you, O ye of little faith? Therefore take no thought, saying, What shall we eat? Or, What 
shall we drink? Or, Wherewithal shall we be clothed? …for your Heavenly Father that that ye have need of all these things. But seek ye first the kingdom of God, and his 
righteousness; and all these things shall be added unto you” Matthew 6:28, 30-33. 

When we see the lilies, we can remember that Heavenly Father and Jesus Christ know us, and they know our needs. When we have faith in Jesus Christ, He will provide for us in all that we need. 

2. Bulbs to Blooms- Burial to Resurrection
Lilies are flowers that grow from bulbs. Bulbs stay buried in the ground all winter, and in 
spring blossom forth with beautiful life. Jesus was buried in a tomb for three days, and then came forth in a perfect form, having immortal life. Lilies remind us of this miracle and 
symbolize the hope we have of everlasting life through the resurrection of Jesus Christ. Jesus said, “I am the resurrection and the life: he that believeth in me, though he were dead, yet shall he live.” Jesus Christ rose from the dead, and provided a way for all of us to rise again after we die. 

3. Trumpet Ushers in the Second Coming of Christ 
(as relating to the LDS faith)
Lilies are shaped like what instrument? (trumpets) “In the scriptures, trumpets are used to sound warnings, proclaim news, and herald visitors. Moroni holds a horn to his lips with his right hand, symbolizing both the spreading of the gospel throughout the world and the long-anticipated Second Coming of the Savior, which will be announced by trumpet-blowing angels” (“Looking Up to Moroni” by Wendy Kenney, November 2009 New Era). 

The trumpet shape of the lily reminds us that trumpets will herald (announce) the second coming of Christ.

Matthew 24:31 “And he shall send his angels with a great sound of a trumpet, and they shall gather together his elect from the four winds, from one end of heaven to the other.” 

Joel 2:1 “Blow ye the trumpet in Zion, and sound an alarm in my holy mountain: let all the inhabitants of the land tremble: for the day of the Lord cometh, for it is nigh at hand.” 

(Content compiled by the wonderful Jen Lund)

Visual Aids- 
a bouquet of Easter lilies or picture of lilies in a field
lily bulbs
picture of resurrected Christ
picture of Moroni with trumpet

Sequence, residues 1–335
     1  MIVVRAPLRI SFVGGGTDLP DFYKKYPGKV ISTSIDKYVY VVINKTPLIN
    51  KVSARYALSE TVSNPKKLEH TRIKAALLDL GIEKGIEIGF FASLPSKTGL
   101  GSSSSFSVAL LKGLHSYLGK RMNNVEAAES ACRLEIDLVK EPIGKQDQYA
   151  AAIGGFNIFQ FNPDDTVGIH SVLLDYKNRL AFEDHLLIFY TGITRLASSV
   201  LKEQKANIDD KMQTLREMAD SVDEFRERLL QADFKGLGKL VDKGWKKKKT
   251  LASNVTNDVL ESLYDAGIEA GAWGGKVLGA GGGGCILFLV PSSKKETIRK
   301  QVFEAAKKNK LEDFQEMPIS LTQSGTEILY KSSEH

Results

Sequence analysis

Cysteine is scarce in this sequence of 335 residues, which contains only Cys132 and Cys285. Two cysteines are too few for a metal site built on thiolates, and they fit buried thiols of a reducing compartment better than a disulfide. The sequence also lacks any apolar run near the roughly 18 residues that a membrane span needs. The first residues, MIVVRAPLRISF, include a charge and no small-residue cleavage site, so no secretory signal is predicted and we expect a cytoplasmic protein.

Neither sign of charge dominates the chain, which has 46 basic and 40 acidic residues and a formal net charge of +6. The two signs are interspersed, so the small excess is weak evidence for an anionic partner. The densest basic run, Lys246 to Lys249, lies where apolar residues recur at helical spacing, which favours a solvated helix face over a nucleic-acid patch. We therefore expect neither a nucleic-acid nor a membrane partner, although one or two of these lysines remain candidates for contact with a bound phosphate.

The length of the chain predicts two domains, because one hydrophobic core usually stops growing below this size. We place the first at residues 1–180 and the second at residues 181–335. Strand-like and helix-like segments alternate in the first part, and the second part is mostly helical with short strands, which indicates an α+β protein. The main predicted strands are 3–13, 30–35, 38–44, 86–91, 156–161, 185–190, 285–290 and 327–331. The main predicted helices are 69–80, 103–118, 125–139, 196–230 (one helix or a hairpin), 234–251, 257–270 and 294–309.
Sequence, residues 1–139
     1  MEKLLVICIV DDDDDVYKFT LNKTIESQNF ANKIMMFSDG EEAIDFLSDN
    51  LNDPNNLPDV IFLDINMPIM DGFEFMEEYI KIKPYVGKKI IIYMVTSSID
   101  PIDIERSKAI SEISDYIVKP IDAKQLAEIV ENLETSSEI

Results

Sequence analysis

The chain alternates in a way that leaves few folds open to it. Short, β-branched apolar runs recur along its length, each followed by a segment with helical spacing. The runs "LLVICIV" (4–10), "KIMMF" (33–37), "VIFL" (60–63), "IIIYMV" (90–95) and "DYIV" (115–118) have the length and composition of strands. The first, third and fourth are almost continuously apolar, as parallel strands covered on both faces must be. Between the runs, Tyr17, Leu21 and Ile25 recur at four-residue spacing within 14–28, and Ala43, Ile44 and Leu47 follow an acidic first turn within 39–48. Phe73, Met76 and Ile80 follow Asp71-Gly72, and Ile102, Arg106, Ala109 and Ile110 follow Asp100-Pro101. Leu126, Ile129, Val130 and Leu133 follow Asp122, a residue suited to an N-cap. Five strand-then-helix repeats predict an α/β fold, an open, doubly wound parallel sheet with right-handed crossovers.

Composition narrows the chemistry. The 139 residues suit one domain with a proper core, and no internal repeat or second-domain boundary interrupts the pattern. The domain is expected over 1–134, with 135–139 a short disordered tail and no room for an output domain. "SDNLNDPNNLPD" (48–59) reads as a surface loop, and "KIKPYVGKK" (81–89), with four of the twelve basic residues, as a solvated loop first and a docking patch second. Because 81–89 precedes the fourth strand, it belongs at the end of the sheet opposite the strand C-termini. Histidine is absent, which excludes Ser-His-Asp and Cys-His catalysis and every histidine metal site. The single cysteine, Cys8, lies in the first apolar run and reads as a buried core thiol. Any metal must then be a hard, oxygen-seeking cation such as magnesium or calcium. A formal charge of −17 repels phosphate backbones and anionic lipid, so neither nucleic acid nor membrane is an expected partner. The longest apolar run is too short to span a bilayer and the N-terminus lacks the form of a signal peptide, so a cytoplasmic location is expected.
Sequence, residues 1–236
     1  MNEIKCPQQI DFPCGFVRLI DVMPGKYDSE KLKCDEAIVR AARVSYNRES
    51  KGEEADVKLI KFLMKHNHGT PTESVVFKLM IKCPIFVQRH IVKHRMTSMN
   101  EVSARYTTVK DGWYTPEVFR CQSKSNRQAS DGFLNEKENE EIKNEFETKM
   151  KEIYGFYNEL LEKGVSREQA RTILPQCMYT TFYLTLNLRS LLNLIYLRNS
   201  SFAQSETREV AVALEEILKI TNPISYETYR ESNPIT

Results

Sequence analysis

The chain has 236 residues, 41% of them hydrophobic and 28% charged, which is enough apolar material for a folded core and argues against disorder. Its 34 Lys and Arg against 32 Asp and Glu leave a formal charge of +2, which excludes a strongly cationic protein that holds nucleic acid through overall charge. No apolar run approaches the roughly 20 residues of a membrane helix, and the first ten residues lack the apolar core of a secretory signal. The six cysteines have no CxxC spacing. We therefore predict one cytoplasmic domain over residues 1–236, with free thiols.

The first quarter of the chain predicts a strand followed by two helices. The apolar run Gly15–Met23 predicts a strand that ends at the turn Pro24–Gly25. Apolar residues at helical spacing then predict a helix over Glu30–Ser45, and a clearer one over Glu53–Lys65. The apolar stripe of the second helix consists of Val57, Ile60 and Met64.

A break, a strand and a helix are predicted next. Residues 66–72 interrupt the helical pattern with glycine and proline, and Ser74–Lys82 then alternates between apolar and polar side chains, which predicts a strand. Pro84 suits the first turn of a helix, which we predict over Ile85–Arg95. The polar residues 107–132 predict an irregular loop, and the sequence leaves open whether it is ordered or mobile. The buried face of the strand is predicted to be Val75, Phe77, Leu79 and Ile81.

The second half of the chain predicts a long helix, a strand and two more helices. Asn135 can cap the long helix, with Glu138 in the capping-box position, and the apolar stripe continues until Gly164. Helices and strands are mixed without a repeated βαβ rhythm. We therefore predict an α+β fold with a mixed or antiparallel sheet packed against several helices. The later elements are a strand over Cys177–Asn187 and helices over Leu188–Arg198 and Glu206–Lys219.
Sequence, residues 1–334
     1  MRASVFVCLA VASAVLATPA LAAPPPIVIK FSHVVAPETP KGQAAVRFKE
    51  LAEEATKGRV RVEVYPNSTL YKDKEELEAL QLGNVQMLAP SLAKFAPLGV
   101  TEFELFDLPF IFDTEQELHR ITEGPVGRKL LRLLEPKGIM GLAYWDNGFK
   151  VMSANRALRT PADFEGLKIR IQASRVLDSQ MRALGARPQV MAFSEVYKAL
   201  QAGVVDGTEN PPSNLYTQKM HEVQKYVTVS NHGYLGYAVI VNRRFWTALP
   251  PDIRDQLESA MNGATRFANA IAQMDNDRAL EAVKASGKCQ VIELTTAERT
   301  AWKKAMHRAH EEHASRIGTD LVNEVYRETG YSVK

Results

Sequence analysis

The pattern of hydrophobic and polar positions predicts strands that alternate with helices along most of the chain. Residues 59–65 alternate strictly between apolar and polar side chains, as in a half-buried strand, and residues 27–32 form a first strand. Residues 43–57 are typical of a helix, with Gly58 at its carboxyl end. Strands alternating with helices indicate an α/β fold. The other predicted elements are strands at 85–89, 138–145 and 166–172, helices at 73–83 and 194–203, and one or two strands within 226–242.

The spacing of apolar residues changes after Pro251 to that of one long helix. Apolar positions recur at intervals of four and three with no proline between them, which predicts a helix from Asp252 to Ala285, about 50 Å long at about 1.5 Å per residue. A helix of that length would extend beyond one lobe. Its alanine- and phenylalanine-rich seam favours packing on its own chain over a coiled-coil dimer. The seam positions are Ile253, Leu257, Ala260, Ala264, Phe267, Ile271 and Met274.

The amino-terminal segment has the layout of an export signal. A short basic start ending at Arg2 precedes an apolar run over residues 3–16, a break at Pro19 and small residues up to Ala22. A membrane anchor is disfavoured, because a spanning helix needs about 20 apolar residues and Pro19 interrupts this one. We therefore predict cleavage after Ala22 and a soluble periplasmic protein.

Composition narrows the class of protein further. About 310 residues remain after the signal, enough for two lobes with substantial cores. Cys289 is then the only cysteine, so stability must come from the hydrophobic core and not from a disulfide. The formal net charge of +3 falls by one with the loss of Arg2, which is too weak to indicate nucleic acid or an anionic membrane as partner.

listen to "Consider the Lilies" sung by the Mormon Tabernacle Choir

I made this 8x10 printable to add to my Easter decorations. Please feel free to use it too! 
Download here.

Make handprint lilies. 
Supplies needed: paper, markers, glitter, yellow and green pipe cleaners, tape, scissors.
Directions: Trace hands on white paper. Allow children to color and decorate as desired. Cut out as many as you want for the lily blooms. Roll the handprint vertically to form a funnel shape. Secure the side with clear tape. Roll each finger down to form the curls of each bloom. Cut yellow pipe cleaner ~3” (1 for each bloom). Loosely curve the yellow piece to form a U shape. Wrap the top of a green pipe cleaner at the bottom of the U. Curl the ends of the yellow cleaner to form the center of the bloom. Insert the completed green stem into the center of the bloom and pull through. Display the 
lilies in a vase or wrap with a ribbon.

I hope you find this useful, perhaps as a family lesson, or a kid's lesson in church. May you have a happy Easter!

Tuesday, April 8, 2014

Easter Week: A Christ Centered Celebration + Printables

Easter is a special time in our home, and this year I am making a concentrated effort to help my children understand why it is that we truly celebrate Easter. It is such a neat time to learn about the last week of Christ's life spent ministering on Earth. There is so much symbolism to be found... 
Spring (newness of life),
the Sun (Jesus is the light of the world),
Easter Grass (mortality doesn't last forever, it withers like the grass, Christ offers Eternal Life),
Easter Eggs (newness of life, resurrection),
Lambs (Lamb of God, Good Shepherd),
Flowers (many important events happened in gardens- the Fall in the Garden of Eden, the Atonement in the Garden of Gethsemane, the Resurrection in the Garden of the Empty Tomb).

To further help us have a "Christ Centered Celebration," I purchased the book called A Christ Centered Easter by Janet and Joe Hales. This is written by an LDS couple, but is full of historical and biblical events that could be used by anyone wanting to incorporate the life of Christ into their Easter celebration. There are plenty of ideas to keep a family busy for several years. This year, I picked certain activities from the book that I'd like to try with my family, and I created daily printables to use during our week of celebration.